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Seals need rest not rescuing

By   /  October 18, 2017  /  Comments Off on Seals need rest not rescuing

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MIL OSI – Source: Department of Conservation – Release/Statement

Headline: Seals need rest not rescuing

“This is seal pup season,” says DOC Christchurch Biodiversity Ranger, Jenna Thoms. “We need to let nature take its course, these seals need rest not rescuing.”

More seals are coming ashore as New Zealand fur seal pups are weaned from their mothers from August to November. The seals may look distressed and scrawny, sneeze, cough and have weepy eyes, but this is natural for them and they do not need any human intervention. Most will return to the water and swim away when they are rested and ready to go.

“Not all of them make it, which is sad but this is part of the natural world we live in. Although it can be tempting to help, human interaction is detrimental to their development,” says Ms Thoms.

Ranger Jenna Thoms examining a young seal most likely killed by a dog on Sumner beach

“It is also very important to keep dogs under control and be mindful that seals are sharing the beach with us and may be present at any time. We have had at least two seal pup deaths in the past year from dog attacks on popular beaches in Christchurch.”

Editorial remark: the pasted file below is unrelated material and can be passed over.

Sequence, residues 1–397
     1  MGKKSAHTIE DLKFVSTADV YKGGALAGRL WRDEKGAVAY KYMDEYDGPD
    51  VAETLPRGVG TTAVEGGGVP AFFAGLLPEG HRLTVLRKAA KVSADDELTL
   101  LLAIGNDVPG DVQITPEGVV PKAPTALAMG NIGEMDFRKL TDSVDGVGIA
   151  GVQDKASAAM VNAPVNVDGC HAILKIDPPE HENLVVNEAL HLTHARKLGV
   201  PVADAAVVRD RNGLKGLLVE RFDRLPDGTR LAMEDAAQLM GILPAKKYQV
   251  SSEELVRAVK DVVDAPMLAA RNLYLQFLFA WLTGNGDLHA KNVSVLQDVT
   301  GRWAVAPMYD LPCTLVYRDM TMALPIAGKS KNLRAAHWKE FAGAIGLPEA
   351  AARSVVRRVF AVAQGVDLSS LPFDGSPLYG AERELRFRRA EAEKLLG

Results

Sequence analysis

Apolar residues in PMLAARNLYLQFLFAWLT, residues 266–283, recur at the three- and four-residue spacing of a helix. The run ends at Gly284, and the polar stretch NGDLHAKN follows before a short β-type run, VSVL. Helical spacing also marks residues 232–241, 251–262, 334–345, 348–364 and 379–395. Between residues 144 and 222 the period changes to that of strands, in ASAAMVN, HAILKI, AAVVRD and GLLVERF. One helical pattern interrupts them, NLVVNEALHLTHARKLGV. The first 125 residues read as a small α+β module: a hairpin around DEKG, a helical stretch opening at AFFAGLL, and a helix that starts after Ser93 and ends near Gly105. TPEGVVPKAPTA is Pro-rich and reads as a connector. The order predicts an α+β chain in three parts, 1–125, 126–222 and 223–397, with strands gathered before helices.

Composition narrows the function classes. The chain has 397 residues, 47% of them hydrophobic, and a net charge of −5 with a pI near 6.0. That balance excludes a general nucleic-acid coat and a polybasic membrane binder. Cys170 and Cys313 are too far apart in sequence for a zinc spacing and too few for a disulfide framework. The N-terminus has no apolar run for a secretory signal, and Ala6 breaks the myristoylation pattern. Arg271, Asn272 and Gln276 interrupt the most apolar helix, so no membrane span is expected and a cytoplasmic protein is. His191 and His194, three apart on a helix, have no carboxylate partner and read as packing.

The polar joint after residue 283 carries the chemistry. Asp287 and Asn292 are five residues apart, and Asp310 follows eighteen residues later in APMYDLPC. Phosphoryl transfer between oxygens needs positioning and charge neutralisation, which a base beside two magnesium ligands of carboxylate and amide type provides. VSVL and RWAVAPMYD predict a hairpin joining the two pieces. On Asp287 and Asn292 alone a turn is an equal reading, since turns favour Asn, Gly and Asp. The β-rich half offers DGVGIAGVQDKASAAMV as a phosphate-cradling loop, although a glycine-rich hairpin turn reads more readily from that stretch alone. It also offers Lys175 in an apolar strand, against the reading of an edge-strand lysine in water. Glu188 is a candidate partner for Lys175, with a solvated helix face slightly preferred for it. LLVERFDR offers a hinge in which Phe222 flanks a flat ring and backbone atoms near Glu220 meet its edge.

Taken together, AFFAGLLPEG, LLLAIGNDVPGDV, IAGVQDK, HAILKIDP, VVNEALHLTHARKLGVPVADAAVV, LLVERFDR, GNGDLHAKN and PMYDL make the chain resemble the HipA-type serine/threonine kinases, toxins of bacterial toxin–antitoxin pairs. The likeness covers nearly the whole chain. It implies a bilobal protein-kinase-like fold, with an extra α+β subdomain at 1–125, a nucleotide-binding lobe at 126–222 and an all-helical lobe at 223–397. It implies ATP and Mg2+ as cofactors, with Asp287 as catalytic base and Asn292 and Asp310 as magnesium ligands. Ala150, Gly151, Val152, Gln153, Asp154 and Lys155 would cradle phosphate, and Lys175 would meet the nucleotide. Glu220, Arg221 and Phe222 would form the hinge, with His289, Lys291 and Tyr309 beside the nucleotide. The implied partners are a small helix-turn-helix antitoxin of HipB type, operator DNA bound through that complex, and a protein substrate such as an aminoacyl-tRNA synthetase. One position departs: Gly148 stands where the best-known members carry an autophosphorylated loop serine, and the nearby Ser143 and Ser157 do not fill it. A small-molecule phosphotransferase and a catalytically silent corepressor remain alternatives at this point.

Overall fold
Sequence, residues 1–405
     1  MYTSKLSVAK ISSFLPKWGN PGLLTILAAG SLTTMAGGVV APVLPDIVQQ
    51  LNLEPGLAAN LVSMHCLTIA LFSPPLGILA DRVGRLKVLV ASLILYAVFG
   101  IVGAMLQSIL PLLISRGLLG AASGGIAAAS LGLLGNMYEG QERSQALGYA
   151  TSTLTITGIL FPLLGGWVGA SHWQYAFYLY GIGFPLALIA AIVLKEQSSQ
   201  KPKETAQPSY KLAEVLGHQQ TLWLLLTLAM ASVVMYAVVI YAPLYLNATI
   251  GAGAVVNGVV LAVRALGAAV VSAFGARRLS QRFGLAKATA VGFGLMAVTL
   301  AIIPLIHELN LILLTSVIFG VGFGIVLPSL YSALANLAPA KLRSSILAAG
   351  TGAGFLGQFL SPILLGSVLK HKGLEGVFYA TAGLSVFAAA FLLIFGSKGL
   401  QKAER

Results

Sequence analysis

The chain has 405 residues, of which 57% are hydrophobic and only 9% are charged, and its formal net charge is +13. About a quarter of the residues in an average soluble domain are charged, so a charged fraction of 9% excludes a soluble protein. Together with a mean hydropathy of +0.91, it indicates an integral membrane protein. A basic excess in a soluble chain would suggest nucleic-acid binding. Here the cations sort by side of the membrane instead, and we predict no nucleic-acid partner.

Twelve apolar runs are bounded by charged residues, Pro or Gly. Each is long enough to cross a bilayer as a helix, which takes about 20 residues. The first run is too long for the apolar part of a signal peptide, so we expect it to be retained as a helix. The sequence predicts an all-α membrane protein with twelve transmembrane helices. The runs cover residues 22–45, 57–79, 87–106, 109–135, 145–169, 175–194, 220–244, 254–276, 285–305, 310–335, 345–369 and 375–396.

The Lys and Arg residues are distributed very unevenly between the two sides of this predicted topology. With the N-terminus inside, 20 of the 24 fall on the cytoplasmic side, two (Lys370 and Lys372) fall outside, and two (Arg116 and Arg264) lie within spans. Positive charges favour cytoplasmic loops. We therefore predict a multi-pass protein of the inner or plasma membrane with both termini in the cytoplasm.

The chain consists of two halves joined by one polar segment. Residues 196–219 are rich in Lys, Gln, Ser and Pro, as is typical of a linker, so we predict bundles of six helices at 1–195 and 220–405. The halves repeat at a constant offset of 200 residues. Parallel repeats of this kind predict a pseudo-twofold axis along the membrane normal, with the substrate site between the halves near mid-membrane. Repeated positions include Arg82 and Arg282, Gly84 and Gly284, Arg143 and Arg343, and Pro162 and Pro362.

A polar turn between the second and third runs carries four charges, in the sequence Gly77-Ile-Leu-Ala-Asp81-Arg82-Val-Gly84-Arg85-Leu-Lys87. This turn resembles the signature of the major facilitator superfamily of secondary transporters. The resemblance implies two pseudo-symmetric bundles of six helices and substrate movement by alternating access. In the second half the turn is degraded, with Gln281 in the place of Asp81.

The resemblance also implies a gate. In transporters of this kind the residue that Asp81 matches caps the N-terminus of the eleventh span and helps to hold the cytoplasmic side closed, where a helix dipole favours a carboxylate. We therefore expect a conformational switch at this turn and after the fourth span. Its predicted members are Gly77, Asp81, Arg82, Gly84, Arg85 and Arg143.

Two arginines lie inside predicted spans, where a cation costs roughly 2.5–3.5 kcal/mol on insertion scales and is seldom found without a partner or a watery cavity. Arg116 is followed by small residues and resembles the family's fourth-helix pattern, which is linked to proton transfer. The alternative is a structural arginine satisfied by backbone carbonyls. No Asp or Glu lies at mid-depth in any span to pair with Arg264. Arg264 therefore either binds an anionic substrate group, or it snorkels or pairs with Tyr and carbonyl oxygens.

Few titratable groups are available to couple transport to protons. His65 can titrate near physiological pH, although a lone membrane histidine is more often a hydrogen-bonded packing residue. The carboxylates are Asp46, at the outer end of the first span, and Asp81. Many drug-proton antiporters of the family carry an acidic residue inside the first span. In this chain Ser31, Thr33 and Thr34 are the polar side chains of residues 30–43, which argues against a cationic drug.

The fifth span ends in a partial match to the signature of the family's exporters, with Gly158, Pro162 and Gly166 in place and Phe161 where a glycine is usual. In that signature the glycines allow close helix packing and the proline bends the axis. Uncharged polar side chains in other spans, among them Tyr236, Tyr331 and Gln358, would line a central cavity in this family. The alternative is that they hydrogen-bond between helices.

Across the country, DOC has a hands-off policy with seals and will only intervene if a seal is obviously severely injured, is entangled in marine debris or is in a dangerous place such as on a public road. In that case, people can call the 24-hour hotline 0800 DOC HOT (0800 362 468).

While seals may look harmless and helpless they are wild animals and will defend themselves if they feel threatened. If you encounter a seal on or near a beach please leave it to rest:

  • always keep dogs on a leash, under control and away from seals
  • ensure you keep small children at a safe distance and under your control when watching seals
  • avoid getting closer than 20 metres
  • do not get between the seal and the sea
  • do not touch or feed the seal.

“In Christchurch city and surrounding areas, we are lucky to be able to spot these precious taonga as they embark out on their own into adulthood,” says Ms Thoms.

“DOC’s Mahaanui Office would be happy to work with local communities, in both Sumner and Brighton, to help protect young seals on their beaches. We’re keen to hear from interested groups.”

So far this season, DOC has already had calls about seals on beaches, in the red zone and up the Heathcote/Ōpāwaho and Avon River/Ōtākaro. There have also been reports of leopard seals in Birdlings Flat, South New Brighton, Motunau Beach and Duvauchelle.

There are over 8000 seals living in and around Banks Peninsula. Seals are protected under the Marine Mammals Protection Act.

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